Without vocals and with track numbers over titles, Lissvik foregoes Studio's emphasis on trance-clatter and repetition. In their place are rippling Factory Records guitars, the barest rhythms and a decidedly Eastern-influenced spiritualism, making for an album that nurtures the spare and serene. He draws shapes and symbols in the sand out of lean, serpentine guitars, each open to the listener's angle of sight. Without partner Rasmus Hägg's synth shading, Lissvik's imagery is fit more for the desert than the beach, designed around great clean spaces without people or moving things to distract, just sound and silence in an odd tandem.
Despite the emphasis on his ruminative side though, Lissvik hasn't completely neglected his band's taste for big-eyed joy. The album's longest excursion, "A3," shifts from boat holiday guitars into a breezy freeway spin atop hand drums and brawny bass, while "A4" makes easy Saturday night disco out of electronic piano and jaunty wood-cowbell rhythms, a kind of polyester anthem as cheap and delightfully fruitful as its opening chords suggest. "B2" best resembles Studio's knack for the hypnotic strut though; Lissvik filters quiet Eastern tones into a wanderer's dance jam, alternating the dim and contemplative with a more open-collared bass heavy approach.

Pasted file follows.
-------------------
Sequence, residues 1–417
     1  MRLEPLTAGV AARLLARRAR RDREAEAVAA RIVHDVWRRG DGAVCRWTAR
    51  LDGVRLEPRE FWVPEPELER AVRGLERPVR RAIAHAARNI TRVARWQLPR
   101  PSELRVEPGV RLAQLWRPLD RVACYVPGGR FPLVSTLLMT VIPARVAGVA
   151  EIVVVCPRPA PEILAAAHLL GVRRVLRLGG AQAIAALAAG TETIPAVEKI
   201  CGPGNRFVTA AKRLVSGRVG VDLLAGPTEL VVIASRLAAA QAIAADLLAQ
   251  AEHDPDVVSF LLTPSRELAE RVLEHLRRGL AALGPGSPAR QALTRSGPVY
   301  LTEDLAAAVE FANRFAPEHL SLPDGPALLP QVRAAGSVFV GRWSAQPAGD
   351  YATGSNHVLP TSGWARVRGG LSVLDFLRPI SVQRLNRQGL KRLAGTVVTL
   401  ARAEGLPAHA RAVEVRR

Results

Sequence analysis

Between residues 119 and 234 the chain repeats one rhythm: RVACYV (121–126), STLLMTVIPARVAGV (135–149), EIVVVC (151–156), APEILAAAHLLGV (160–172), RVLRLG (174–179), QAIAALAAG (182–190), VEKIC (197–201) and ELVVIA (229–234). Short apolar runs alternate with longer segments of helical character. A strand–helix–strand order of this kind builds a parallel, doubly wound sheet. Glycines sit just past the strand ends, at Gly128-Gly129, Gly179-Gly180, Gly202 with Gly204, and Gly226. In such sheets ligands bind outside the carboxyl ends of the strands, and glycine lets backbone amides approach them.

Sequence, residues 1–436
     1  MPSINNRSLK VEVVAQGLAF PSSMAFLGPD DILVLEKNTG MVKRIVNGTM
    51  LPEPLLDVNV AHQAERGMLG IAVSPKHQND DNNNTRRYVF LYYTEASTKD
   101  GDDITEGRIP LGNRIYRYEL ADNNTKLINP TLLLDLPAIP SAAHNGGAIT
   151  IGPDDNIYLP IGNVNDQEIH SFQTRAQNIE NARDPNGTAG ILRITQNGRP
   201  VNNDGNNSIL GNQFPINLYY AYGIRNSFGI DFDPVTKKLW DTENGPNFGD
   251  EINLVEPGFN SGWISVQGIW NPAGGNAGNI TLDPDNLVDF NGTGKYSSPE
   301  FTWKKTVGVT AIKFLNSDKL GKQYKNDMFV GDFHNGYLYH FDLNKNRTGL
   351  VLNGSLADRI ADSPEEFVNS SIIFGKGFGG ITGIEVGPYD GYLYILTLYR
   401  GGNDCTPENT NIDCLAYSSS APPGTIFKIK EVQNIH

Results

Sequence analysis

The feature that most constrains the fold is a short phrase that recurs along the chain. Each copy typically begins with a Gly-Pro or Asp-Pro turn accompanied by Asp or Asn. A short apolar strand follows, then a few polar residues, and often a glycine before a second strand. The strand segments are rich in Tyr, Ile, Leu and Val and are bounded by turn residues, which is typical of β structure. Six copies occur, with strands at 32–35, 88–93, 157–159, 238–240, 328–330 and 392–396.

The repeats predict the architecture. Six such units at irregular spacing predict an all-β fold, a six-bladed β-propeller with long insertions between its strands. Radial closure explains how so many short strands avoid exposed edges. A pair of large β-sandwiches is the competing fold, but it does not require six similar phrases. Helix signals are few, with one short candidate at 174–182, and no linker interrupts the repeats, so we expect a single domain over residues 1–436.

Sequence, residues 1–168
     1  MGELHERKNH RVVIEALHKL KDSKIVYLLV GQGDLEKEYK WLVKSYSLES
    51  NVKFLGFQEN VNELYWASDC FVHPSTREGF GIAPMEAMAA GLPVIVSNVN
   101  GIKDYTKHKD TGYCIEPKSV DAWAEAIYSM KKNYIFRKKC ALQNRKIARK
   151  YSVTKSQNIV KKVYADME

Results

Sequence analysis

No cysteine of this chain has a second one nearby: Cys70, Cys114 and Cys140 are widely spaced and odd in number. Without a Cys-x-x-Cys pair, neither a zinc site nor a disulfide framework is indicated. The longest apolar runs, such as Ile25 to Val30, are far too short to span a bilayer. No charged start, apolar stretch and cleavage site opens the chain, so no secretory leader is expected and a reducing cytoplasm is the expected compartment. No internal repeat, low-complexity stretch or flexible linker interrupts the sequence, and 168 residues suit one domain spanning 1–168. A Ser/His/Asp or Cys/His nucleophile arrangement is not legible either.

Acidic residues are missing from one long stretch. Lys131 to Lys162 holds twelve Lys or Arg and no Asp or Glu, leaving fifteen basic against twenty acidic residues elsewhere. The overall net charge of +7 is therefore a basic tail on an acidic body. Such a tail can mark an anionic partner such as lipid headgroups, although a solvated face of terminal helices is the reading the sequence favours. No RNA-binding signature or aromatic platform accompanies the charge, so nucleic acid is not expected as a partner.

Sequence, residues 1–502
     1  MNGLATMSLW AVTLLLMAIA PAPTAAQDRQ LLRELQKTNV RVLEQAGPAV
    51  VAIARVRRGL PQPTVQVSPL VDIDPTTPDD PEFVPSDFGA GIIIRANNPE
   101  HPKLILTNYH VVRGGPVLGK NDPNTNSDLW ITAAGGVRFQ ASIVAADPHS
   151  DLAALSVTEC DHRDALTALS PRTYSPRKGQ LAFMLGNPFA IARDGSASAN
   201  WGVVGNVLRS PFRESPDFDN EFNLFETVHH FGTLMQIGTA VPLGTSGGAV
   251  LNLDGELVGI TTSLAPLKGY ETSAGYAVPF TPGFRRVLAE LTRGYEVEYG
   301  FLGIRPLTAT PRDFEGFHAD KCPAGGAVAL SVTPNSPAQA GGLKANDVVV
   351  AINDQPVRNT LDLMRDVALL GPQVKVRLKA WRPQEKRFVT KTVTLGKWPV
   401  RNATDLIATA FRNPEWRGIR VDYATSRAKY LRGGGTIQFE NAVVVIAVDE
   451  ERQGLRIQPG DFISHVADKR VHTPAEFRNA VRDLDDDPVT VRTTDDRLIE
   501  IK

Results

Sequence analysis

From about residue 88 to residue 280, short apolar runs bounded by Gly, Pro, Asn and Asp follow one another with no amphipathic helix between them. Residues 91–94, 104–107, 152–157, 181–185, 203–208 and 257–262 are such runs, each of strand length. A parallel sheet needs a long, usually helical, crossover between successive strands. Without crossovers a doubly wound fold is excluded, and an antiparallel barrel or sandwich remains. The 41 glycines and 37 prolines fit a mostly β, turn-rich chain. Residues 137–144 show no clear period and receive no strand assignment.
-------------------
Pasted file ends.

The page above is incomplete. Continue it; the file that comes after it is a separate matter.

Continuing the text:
But it's clear that Lissvik's relying on open-vista psychedelia to carry the mood for most of 7 Trx + Intermission. "A1" turns a Spanish guitar intro into a curtain parting for a Sergio Leone film—one of the tense train depot scenes before all hell breaks loose—while "A2" is dressed in enough vague mysticism and candle-lit ambience for an early Doors track. "B1" makes for a kind of mystical Bazaar interlude, swapping out Villalobos' ethnic playgrounding for more solitary spoils. Blending tropical bird noises and what sound like sampled hand-drum patterns into a calm morning alarm that might gently coax you from your sleep, it's "B3" that generates quite a spell for such short length.
For a member of a band that's always relied so heavily on the intoxication of repetition, this assured short-form design sometimes feels like a welcome new direction. After all: Yearbook 3 is probably still at least a year away. While we wait, Lissvik's solo debut marks not so much a holding pattern as a distraction well worth our winter attention on its own.